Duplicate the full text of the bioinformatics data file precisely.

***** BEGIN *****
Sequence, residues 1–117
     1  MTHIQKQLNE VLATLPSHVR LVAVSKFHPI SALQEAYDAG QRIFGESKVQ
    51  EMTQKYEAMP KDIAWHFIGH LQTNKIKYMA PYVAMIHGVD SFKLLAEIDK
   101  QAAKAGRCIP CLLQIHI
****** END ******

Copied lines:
Sequence, residues 1–117
     1  MTHIQKQLNE VLATLPSHVR LVAVSKFHPI SALQEAYDAG QRIFGESKVQ
    51  EMTQKYEAMP KDIAWHFIGH LQTNKIKYMA PYVAMIHGVD SFKLLAEIDK
   101  QAAKAGRCIP CLLQIHI